No, contrary to what you may have heard, President Biden did not issue an executive order banning non-competes nationwide. More about that later.
His Executive Order on Promoting Competition in the American Economy did get me thinking, though. Should Texas follow the Biden administration’s lead and abolish the Texas hiring tax?
You didn’t know Texas had a hiring tax? Let me explain.
Comparative Non-Compete Law
Texas law is relatively pro non-compete. I say “pro” because the Texas law allows non-compete agreements with at-will employees, provided the scope of the non-compete is reasonable, and if the employer messes up and makes the non-compete too broad, the employer is entitled to have a judge “reform,” or rewrite, the non-compete to make it reasonable in scope.
I say “relatively” because Texas law does have some advantages for employees who challenge non-competes. See my overview in Wolfe’s First Law of Texas Non-Compete Litigation. In short, there’s plenty of Texas case law interpreting “reasonable” in an employee-friendly direction, and the Texas non-compete statute gives employees some significant advantages.
Still, overall Texas law is pretty friendly to non-competes for at-will employees, especially compared to some other states.
California, for example, is well known for its hostility to employee non-competes. They are generally not allowed in the Golden State. See Cal. Bus. & Prof. Code § 16600.
And it’s not just deep blue states. Hostility to non-competes cuts across the political spectrum. Consider deep-red Oklahoma. It also frowns on employee non-competes. See 15 OK Stat § 15-219A.
Plus, the national trend is in the direction of non-compete “reform,” meaning making it more difficult to enforce non-competes with at-will employees. Consider a few examples:
- In 2016, Alabama passed a new statute governing non-compete and non-solicitation agreements, including presumptive time limits for restrictive covenants and limitations on restrictions on soliciting employees. See Alabama’s New Non-Compete Statute Places New Restrictions on Employers.
- In 2018, Massachusetts passed a new non-compete law that prohibits enforcing non-competes against employees terminated without cause and requirements for paid “garden leave” for employees. See New Massachusetts Non-Compete Law Goes Into Effect.
- In 2021 Illinois enacted “sweeping” reforms to its non-compete statute, including a ban on non-competes for employees earning less than $75,000 a year. See Illinois Enacts Sweeping Reforms to Non-Compete and Non-Solicit Agreements.
This trend has not made it to the Lone Star State. If anything, the Texas legislature has gone in the other direction.
You may have heard Texas has an “anti-SLAPP” statute, called the TCPA, which allows defendants to move to dismiss unfounded lawsuits before any expensive discovery takes place. That potentially included non-compete lawsuits, until recently. In 2019, the legislature exempted most non-compete lawsuits from the early dismissal procedure provided by the TCPA. See Turn Out the Lights, the Party’s Over: Texas Legislature Takes All the Fun Out of the TCPA.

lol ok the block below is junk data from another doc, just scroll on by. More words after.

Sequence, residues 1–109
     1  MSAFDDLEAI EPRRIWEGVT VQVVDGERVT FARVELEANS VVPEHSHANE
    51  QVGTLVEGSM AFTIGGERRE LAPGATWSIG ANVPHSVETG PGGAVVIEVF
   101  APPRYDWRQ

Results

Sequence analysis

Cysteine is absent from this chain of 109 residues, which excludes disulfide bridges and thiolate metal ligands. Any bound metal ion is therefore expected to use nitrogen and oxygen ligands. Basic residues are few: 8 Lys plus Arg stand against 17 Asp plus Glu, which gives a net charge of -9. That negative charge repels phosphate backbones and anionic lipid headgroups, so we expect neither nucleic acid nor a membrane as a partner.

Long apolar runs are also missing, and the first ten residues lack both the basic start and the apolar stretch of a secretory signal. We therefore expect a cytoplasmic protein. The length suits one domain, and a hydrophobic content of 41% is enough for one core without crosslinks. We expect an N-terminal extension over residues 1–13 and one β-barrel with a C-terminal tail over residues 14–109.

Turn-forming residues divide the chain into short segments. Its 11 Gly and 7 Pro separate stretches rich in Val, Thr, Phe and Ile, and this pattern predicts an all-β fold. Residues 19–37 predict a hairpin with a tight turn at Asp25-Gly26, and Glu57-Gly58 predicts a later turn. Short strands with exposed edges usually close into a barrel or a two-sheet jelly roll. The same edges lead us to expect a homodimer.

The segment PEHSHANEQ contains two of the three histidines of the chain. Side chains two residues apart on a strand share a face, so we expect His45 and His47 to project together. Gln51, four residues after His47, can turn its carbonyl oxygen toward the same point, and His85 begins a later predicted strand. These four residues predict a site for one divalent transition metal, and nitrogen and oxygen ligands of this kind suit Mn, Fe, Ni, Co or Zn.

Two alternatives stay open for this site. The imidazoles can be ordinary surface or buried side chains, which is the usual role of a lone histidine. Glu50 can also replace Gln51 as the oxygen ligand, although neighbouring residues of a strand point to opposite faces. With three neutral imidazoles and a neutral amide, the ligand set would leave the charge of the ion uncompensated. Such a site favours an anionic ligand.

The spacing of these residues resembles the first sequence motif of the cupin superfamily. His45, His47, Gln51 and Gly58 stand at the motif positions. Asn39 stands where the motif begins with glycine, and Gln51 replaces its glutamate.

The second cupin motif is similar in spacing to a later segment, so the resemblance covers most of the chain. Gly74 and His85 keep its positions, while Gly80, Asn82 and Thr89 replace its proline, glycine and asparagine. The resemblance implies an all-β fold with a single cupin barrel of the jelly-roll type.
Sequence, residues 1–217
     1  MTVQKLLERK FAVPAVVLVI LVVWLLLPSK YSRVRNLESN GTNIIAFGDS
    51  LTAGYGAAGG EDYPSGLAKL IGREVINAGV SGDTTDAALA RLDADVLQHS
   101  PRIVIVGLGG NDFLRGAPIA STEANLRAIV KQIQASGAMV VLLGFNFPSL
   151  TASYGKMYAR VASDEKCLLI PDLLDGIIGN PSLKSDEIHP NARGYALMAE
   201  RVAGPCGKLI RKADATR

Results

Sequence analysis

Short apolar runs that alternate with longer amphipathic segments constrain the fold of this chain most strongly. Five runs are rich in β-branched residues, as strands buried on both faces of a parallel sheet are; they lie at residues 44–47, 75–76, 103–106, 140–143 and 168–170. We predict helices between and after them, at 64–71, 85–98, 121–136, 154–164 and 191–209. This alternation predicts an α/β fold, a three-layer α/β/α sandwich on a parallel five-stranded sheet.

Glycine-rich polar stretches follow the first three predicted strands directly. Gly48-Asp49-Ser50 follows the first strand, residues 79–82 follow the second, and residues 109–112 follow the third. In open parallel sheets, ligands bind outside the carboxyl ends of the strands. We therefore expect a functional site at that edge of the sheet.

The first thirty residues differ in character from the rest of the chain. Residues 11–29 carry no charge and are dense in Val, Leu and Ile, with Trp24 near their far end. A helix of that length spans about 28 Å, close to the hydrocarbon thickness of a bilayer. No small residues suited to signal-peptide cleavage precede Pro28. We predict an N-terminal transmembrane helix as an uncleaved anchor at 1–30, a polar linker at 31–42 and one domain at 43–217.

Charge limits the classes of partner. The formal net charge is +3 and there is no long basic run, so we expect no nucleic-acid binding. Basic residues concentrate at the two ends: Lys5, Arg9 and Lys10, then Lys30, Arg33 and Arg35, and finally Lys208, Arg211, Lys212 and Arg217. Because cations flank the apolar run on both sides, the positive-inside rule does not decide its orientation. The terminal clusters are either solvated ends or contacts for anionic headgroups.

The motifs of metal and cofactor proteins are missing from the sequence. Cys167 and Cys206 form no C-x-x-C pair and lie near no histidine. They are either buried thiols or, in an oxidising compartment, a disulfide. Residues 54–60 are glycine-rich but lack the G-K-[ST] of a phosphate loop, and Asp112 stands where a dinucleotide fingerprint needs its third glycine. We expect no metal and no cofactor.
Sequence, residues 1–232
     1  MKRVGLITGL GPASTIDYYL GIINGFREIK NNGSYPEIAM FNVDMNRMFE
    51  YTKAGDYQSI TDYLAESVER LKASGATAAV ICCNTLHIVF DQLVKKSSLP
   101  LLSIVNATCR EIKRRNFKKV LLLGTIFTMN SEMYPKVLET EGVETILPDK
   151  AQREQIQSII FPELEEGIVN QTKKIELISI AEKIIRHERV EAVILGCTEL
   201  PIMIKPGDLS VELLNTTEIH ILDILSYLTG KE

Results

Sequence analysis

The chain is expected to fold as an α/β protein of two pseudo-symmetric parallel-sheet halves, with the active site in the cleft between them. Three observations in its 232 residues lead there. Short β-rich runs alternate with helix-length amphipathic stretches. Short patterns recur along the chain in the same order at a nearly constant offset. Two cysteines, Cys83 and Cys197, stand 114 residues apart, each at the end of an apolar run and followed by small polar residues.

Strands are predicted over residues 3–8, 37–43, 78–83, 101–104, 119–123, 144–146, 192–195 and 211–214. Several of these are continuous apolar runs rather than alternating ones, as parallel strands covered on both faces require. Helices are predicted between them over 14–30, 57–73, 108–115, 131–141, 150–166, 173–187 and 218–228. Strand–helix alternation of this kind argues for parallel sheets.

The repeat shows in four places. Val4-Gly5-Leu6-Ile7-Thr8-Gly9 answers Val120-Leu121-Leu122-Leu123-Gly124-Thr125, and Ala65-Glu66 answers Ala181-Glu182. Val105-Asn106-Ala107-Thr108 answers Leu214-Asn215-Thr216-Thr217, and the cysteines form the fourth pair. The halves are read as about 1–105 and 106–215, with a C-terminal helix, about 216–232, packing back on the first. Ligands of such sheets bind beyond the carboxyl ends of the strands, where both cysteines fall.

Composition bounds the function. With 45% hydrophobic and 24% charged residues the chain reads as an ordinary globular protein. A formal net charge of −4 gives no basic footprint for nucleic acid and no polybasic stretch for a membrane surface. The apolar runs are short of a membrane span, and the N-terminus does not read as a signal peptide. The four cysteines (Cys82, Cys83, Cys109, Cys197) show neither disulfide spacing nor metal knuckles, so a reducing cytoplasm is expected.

And in 2021? Governor Abbott called a special session to address numerous issues, including bail overhaul, elections, border security, social media “censorship,” and, of course, Critical Race Theory. But he did not include non-compete reform on the agenda.
The Texas Hiring Tax
Ok, but what does this have to do with a hiring tax?
Well, by continuing to enforce non-competes with at-will employees, Texas effectively imposes a tax on employers who hire employees away from competitors.
The thing you have to understand is that enforcing non-competes with at-will employees does not really prevent competitors from hiring those employees. It just makes it more expensive to do so.
Here’s how it usually goes down. Suppose Dawn Davis is the top sales person at Paula Payne Windows. An upstart competitor, Real Cheap Windows, has its eye on Dawn. Trouble is, Dawn signed a two-year non-compete when she Paula Payne Windows hired her years ago.
Will that stop Real Cheap from recruiting Dawn? Probably not. If Real Cheap really wants to hire Dawn, it’s going to do it, regardless of any non-compete.
This will, of course, provoke a nasty-gram from Paula Payne’s lawyer, demanding that Real Cheap cease and desist from employing Dawn and “stealing” Paula Payne’s customers (as if the customers were property). Real Cheap will then hire some smart-aleck lawyer to write a response arguing that the non-compete is unenforceable.
Then, if the loss of Dawn’s customers is a big enough deal to Paula Payne Windows, it’s going to file a lawsuit to try to stop Dawn. The lawsuit will probably include both a request for a temporary injunction ordering Dawn to stop and a demand for damages for the loss of Dawn’s customers to Real Cheap.
I would bet that more than half the time, the lawsuit will get settled before the judge holds a hearing on the requested temporary injunction hearing. And nine times out of ten, the lawsuit will get settled before going to trial.